People that are living with memory loss often experience difficult symptoms that can result in confusion and anxiety. Learn how making personally meaningful music part of your routine can act as medicine to reduce stress and help people feel like themselves.
- Dr. Oliver Sacks -
Losing memory and the ability to comfortably interact with other people can be unsettling for people with dementia. These symptoms can contribute to stressul emotions, such as:
While there are four medications that are approved by the FDA to help lessen or stabilize symptoms of Alzheimer's and related dementia, the impact of these solutions varies for each individual. Research suggests these drugs have their greatest effects in the first few months, and begin to lose their effectiveness over time.
Humans have been tapping into the healing powers of music for thousands of years. Powerful stories and emerging research studies are increasingly demonstrating the therapeutic benefits of music, especially for people living with dementia.
Prescribing Music in Ancient Greece Famous Greek philosophers like Pythagoras, Hippocrates, and Artistotle played music for patients, prescribed songs as medicine, and described music as a tool to ease stress and purify emotions.
Using Music to Treat World War Soldiers During the First and Second World Wars, music therapy began to develop in the United States. Music was used in Veterans Hospitals for those with war injuries to help boost spirits and relieve pain. Doctors and nurses witnessed the effect music had on veterans' physical and mental well-being.
Universities Develop Music Therapy Academic Program In 1944, Michigan State was the first university to establish an academic program to train people how to use music for therapeutic purposes. Music Therapy has been growing since; today there are thousands of certified music therapists and a large number of academic programs across top universities.
New York Times Best Seller Explains Healing Power of Music Starting early in the new millennium, the idea of using music to help people suffering from neurological conditions began to gain popularity. In 2007, Oliver Sacks, M.D. published Musicophilia: Tales of Music and the Brain - a best-selling book that explains how music can help people move, speak, and enjoy life - even when medication can not.
A Brown University study shows personalized music decreases behavioral issues for people with dementia From 2012 to 2013, researchers from Brown University observed 98 match-pair nursing homes; the intervention group provided personalized music to residents. The nursing homes that provide music saw a greater reduction in behavioral issues and the use of anti-psychotic medications.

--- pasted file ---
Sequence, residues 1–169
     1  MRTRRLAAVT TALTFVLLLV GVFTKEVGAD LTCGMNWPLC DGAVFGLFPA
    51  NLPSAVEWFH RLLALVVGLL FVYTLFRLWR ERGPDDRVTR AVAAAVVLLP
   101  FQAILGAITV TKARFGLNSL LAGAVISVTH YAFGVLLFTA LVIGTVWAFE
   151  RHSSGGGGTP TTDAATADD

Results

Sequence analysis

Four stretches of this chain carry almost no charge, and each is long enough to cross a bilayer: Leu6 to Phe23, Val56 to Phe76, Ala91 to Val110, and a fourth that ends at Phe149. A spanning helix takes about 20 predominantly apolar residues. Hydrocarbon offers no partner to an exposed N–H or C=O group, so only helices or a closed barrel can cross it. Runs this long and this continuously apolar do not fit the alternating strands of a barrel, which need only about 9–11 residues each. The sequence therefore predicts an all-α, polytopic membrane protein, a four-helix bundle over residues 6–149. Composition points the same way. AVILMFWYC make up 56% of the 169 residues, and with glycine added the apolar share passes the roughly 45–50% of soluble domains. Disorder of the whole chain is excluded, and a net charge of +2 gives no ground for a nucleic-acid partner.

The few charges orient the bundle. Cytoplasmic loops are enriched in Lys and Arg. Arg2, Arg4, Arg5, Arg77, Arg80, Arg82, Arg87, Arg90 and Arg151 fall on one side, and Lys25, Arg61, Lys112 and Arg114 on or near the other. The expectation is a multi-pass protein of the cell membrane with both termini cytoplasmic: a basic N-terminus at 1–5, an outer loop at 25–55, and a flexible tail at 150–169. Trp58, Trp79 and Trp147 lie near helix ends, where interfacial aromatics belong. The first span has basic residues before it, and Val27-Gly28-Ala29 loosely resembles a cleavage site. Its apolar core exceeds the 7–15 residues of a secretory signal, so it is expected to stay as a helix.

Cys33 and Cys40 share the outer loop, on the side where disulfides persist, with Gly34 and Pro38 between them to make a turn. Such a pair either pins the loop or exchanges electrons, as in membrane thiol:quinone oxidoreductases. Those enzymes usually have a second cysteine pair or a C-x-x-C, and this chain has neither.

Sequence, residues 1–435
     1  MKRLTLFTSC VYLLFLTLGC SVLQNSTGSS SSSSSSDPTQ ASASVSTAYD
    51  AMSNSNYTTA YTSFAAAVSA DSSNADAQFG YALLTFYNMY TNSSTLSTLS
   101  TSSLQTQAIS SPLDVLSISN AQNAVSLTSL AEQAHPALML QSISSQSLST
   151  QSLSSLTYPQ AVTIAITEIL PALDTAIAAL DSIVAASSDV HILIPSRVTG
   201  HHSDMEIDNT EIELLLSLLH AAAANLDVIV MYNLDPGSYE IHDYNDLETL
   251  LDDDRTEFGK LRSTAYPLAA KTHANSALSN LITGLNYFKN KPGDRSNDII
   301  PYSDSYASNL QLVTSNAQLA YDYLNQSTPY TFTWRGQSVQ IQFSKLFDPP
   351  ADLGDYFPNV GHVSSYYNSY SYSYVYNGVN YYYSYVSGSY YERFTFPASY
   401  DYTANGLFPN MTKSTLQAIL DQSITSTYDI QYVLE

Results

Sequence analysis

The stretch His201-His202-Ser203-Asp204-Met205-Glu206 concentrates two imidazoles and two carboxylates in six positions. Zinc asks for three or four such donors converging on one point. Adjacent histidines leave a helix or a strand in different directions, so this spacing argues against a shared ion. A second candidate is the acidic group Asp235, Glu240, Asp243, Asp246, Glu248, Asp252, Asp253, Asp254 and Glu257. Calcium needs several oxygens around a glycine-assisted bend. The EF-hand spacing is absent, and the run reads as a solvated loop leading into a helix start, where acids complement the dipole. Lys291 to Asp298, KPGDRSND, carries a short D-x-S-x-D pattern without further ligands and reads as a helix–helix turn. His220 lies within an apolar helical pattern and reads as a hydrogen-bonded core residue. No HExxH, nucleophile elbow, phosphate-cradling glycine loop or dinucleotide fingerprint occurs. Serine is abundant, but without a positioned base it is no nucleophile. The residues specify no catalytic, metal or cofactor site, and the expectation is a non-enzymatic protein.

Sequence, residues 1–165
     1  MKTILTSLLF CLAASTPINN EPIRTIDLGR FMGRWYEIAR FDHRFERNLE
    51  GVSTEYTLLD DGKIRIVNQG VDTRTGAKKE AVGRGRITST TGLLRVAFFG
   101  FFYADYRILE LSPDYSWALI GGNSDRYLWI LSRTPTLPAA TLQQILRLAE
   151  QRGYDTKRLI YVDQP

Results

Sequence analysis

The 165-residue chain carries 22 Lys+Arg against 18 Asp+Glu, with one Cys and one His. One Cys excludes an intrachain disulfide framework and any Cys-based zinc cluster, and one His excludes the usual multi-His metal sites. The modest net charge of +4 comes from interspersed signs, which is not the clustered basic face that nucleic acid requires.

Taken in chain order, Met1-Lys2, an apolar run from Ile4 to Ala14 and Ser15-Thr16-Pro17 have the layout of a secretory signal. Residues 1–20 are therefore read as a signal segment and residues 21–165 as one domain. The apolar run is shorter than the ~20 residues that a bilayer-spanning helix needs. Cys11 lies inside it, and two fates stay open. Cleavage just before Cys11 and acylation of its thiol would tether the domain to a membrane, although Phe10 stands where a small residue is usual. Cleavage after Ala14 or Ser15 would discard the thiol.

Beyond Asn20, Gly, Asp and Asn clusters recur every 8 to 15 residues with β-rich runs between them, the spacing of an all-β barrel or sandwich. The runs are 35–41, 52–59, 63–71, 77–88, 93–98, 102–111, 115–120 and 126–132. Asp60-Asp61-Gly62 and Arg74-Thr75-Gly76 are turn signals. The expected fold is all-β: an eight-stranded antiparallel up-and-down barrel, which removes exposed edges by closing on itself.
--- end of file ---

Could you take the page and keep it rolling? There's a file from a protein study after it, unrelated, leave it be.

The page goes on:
Award winning documentary shows how music can spark joy In 2014, Alive Inside: A Story of Music and Memory - a documentary film that shows how music can spark joy in people with dementia - won the Audience Award at the 2014 Sundance Film Festival. Scenes from the film have inspired millions and fuel ongoing efforts to make personalized music a standard of dementia care.
Journal of Alzheimer's Disease Suggests Promising Results for Caregivers with Music Routines A 2017 paper in the Journal of Alzheimer’s Disease reviewed 28 studies that used pre-recorded music with people with dementia; results suggest that music can be effective in reducing a variety of symptoms, in particular agitation, even when a trained music therapist is not present. The research suggests that studies in which caregivers made music part of their routines showed promising results.
Research Shows Personal Music Activates the Brain Using a functional MRI, researchers from the University of Utah scanned people with dementia to image the regions of the brain that lit up when they listened to 20-second clips of music versus silence. The results, which were published in April 2018 in the Journal of Prevention of Alzheimer’s Disease, show that personally familiar music activates the brain, causing whole regions to communicate and have higher functional connectivity.
- Dr. Norman Foster -
Director of the Center for Alzheimer's Care and Imaging Research at University of Utah
Using music as part of your caregiving routine can not only enhance mood and improve quality of life for your loved one, but it can also help you prevent and lessen stressful situations.
Learn how to incorporate music into your loved one's routine by downloading a free copy of Music for Alzheimer's and Dementia: A How-to Guide for Care Teams, and following step-by-step instructions from caregiving experts.
When caring for a person with memory loss, getting others involved can be very beneficial for you and your loved one. Whether you are inviting family and friends to visit, participating in community programs, or working with professional caregivers - establishing music routines can help you successfully include others.
The Music for Alzheimer's and Dementia guide provides step-by-step instructions to help care teams develop personalized playlists and listening solutions.
Resources for Exploring Music:
Resources for Saving Music Playlist:
Resources for Establishing Music Routines:
"I've been caring for my mom for the past 8 years, and we use music daily. Over time, our routines have changed, but one thing has stayed the same - music helps mom feel like herself."
"I was skeptical that music would work for my mom, but my son-in-law encouraged me and helped us get started. I was shocked when she started singing! Now it's one of our go-to activities; she lights up every time. "
"I've been caring for people with memory loss for years, and it can be very difficult - especially in the beginning. Having access to their favorite music makes it so much easier to get to know people, help them smile, and earn their trust."
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